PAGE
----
Review: Restored Print of Wickedly Fun The Murderer Lives at Number 21 Comes to Chicago

In 1942, after a few years of working together with directing partner Karl Hartl, Henri-Georges Clouzot (Wages of Fear, Diabolique) broke out with his first solo effort with the old-school murder mystery The Murderer Lives at Number 21. The film has long been out of circulation in the United States, recently digitally restored and brought over from France as a 2K DCP (digital cinema package) courtesy of Institut Français and Cultural Services of the French Embassy in Chicago.

Murderer Lives at Number 21 Image courtesy of Gene Siskel Film Center

The noirish plot revolves around a series of murders throughout Paris that confound police, partly because they can’t catch the criminal and also because the killer seems intent on letting the police know that the same person is responsible for each by leaving a calling card at every crime scene. Eventually, the case falls to Inspector Wens (Pierre Fresnay), who disguises himself as a pastor and moves into a boarding house (with his obnoxious lady friend, played by Suzy Delair, not far behind him) where he suspects the killer is living. Also living in the establishment are the shadiest collection of potential suspects known to mankind, which comes in handy when one of them goes dead in the night, making everyone look at each other sideways.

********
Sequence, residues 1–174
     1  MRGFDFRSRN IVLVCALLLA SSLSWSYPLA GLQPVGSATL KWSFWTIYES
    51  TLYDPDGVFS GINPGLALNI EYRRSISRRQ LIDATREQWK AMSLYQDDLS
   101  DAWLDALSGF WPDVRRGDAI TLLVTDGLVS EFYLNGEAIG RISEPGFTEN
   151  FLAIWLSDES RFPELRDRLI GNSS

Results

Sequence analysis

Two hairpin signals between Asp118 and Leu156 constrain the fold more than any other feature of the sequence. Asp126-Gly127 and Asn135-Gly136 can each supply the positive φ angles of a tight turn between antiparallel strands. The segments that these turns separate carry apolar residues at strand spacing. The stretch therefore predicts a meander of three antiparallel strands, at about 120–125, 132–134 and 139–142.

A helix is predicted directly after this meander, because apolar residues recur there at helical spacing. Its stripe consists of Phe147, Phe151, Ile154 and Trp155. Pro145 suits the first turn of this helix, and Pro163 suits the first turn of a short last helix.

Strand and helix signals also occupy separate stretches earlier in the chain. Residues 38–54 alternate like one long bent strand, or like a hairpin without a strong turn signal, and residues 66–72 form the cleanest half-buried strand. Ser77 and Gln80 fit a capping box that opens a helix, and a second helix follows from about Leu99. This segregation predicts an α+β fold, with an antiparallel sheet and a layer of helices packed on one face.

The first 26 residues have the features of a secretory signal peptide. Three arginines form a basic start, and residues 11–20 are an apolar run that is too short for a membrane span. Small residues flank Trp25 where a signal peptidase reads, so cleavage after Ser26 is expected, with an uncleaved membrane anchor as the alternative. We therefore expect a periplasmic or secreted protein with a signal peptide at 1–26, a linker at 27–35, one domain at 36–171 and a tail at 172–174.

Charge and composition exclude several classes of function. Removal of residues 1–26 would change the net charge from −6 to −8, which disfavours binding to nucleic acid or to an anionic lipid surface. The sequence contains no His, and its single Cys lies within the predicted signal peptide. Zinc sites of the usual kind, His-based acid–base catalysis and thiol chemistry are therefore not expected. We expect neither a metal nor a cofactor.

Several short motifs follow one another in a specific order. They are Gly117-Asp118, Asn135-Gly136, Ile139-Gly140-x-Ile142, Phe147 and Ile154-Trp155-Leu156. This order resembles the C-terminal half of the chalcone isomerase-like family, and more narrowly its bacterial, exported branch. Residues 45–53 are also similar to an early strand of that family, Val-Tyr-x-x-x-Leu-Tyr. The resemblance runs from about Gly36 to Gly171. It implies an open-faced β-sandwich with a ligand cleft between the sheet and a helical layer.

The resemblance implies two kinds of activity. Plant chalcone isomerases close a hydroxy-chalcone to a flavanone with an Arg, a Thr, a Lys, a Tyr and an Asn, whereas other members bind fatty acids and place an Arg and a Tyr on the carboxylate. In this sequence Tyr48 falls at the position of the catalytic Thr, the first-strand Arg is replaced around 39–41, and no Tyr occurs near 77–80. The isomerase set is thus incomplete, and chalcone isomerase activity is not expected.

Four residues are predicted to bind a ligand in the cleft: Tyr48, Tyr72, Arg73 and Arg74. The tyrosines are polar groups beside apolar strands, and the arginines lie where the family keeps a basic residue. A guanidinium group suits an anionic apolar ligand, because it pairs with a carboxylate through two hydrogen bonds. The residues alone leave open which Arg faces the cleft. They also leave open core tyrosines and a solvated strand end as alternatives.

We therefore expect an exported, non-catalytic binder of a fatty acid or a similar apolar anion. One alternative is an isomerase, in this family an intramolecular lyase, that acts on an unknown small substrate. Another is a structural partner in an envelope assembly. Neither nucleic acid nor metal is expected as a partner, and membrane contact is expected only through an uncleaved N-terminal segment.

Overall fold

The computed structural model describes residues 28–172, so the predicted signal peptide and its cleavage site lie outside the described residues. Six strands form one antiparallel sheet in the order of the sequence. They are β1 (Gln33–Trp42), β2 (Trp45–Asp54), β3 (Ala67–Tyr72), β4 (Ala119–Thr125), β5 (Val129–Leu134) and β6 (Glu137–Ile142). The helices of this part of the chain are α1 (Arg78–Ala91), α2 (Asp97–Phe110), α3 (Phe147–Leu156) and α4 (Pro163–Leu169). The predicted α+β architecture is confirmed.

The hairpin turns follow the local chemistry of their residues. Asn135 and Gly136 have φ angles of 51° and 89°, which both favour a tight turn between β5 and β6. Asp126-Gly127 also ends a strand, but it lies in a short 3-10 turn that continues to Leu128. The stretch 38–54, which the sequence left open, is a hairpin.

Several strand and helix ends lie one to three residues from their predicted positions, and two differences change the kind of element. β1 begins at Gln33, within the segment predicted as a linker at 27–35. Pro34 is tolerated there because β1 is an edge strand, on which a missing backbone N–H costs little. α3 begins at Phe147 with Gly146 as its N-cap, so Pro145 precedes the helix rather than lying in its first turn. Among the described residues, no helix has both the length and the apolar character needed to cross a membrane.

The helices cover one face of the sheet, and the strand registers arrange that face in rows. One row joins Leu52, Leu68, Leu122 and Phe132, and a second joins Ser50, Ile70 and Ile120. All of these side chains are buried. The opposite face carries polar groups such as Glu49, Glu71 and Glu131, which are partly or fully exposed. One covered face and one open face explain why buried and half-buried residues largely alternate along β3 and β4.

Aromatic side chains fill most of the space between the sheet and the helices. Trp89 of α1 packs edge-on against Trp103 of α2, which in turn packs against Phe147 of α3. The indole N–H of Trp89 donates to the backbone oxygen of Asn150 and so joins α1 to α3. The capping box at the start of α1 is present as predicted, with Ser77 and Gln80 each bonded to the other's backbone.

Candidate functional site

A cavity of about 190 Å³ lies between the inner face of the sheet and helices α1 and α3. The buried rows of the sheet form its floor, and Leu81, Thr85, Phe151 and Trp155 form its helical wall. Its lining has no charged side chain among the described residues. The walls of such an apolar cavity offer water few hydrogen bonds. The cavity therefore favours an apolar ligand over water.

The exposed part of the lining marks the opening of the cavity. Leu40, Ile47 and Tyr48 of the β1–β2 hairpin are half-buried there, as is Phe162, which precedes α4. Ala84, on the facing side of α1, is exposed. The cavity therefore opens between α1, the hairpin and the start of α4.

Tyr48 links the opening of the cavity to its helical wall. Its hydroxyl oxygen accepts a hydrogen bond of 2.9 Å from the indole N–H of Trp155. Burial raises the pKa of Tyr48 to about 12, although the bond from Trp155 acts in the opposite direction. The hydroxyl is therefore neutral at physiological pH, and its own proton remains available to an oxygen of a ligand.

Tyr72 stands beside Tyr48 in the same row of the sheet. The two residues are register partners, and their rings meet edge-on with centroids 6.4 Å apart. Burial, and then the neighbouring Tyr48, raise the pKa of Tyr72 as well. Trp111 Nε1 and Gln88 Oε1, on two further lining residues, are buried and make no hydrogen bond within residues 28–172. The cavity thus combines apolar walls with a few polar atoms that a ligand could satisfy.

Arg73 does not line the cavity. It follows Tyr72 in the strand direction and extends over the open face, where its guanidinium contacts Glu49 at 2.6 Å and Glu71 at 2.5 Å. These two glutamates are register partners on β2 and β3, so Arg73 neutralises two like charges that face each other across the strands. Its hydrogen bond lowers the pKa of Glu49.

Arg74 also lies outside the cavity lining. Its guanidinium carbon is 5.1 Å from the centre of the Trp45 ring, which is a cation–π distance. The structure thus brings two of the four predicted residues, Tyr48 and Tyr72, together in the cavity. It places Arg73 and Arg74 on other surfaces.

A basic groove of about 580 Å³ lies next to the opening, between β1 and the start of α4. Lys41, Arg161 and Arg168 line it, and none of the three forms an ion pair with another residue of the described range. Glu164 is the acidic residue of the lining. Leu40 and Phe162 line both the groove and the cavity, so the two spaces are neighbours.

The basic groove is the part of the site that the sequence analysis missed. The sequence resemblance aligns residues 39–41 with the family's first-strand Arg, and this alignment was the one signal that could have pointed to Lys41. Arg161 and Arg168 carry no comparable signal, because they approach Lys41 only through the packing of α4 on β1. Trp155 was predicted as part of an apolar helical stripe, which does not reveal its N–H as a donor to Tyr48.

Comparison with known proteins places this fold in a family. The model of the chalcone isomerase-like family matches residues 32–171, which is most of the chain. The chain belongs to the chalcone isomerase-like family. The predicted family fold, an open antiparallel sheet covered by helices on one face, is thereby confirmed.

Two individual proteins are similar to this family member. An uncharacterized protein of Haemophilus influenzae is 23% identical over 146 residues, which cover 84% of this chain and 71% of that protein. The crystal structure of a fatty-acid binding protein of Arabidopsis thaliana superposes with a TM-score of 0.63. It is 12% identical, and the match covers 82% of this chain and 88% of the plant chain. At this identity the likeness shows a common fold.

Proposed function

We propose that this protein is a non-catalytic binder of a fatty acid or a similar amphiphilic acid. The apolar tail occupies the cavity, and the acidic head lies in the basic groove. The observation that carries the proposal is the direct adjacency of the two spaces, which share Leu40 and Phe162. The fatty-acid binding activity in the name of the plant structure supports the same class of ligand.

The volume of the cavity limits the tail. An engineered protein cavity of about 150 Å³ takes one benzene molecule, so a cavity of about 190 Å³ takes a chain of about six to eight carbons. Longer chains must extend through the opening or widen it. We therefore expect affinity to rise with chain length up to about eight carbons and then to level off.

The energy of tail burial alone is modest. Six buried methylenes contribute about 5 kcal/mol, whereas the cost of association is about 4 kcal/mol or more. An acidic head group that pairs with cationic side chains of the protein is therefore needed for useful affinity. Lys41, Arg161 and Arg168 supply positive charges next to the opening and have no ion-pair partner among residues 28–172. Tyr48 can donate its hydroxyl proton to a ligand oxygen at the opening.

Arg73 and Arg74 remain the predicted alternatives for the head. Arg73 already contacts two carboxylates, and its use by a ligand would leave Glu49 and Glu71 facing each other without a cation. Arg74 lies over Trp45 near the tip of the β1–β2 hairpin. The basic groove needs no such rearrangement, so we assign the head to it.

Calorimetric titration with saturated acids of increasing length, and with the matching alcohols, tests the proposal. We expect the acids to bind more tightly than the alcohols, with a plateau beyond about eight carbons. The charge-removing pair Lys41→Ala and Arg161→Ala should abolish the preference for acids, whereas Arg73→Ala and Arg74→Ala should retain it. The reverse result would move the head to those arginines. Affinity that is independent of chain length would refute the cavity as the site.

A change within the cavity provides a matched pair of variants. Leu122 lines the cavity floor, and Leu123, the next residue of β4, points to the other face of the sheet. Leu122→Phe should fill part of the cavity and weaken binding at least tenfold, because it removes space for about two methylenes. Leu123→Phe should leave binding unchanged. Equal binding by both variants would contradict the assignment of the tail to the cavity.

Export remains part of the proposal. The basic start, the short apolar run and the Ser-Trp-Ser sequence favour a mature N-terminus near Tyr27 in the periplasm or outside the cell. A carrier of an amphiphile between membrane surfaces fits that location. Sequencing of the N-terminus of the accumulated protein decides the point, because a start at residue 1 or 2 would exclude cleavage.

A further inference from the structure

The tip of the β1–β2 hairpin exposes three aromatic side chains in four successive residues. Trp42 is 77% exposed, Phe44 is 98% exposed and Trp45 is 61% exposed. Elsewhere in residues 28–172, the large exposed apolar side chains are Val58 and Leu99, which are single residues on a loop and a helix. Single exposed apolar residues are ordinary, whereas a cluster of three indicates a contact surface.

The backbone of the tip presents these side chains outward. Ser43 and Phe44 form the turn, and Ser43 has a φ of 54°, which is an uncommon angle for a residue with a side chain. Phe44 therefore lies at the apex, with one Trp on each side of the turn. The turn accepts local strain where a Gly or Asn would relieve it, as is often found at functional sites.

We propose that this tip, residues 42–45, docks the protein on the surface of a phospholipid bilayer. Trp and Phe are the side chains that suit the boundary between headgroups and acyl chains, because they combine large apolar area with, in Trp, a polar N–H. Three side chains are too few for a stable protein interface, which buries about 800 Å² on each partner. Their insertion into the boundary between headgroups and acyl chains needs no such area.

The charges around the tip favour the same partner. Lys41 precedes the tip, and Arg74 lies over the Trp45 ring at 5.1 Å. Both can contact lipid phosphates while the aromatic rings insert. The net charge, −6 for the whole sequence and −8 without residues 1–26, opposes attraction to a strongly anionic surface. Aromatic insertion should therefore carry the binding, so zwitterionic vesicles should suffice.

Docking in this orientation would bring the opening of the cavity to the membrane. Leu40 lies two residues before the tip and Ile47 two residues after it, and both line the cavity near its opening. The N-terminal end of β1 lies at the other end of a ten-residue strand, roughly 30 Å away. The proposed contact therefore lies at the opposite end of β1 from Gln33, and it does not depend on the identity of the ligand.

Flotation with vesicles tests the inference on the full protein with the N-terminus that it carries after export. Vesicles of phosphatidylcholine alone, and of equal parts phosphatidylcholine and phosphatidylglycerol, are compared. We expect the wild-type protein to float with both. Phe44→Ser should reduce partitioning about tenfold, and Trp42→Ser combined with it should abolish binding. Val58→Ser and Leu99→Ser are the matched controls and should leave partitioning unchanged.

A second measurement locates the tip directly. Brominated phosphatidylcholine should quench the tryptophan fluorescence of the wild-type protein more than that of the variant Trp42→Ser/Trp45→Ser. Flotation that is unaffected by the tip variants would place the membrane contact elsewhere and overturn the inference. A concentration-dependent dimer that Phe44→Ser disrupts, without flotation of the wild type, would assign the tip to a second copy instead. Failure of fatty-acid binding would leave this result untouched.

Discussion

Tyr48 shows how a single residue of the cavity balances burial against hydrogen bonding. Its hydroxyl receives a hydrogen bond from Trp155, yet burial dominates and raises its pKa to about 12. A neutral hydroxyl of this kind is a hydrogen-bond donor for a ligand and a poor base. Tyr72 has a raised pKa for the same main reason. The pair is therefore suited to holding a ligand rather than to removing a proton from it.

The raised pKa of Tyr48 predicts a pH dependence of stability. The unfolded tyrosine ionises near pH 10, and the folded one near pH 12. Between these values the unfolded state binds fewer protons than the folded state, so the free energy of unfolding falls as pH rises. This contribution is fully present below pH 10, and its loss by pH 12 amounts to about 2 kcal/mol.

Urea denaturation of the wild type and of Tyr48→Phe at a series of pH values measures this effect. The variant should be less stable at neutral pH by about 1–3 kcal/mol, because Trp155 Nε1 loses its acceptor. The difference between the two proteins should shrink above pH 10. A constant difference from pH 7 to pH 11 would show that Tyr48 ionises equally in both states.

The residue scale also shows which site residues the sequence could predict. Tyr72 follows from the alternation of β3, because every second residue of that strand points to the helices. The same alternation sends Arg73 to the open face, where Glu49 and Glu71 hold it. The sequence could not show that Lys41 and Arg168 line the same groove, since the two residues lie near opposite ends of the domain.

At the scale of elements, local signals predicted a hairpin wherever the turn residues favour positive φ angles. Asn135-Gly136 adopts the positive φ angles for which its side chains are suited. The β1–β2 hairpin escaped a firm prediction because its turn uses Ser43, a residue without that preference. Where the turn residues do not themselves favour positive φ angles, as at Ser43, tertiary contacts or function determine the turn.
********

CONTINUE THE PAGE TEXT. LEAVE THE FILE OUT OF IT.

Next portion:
With a mix of scrappy detective work and a healthy dose of gallows humor thrown in, The Murderer Lives at Number 21 feels like a primer for much darker material Clouzot had in store later in his career. It still has a nice sense of tension, a stark visual style, and a healthy suspicion that everyone is guilty of something, even if it isn’t serial murder. The payoff might be too bizarre and unbelievable for some, but it certainly kept me guessing. And I truly adored the reprobate group of suspects, each one a bigger liar than the next, sometimes for not good reason. More footnote than film history, the movie is still wicked fun.

The film opens exclusively at the Gene Siskel Film Center, where it will screen on Friday, July 13 at 2:15pm; Sunday, July 15 at 3:15pm; Monday, July 16 at 6:15pm; and Wednesday, July 18 at 8pm. Did you enjoy this review? Please consider supporting Third Coast Review’s arts and culture coverage by becoming a patron. Choose the amount that works best for you, and know how much we appreciate your support!
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Steve Prokopy

Steve Prokopy is chief film critic for the Chicago-based arts outlet Third Coast Review. For nearly 20 years, he was the Chicago editor for Ain’t It Cool News, where he contributed film reviews and filmmaker/actor interviews under the name “Capone.” Currently, he’s a frequent contributor at /Film ( and Backstory Magazine. He is also the public relations director for Chicago's independently owned Music Box Theatre, and holds the position of Vice President for the Chicago Film Critics Association. In addition, he is a programmer for the Chicago Critics Film Festival, which has been one of the city's most anticipated festivals since 2013.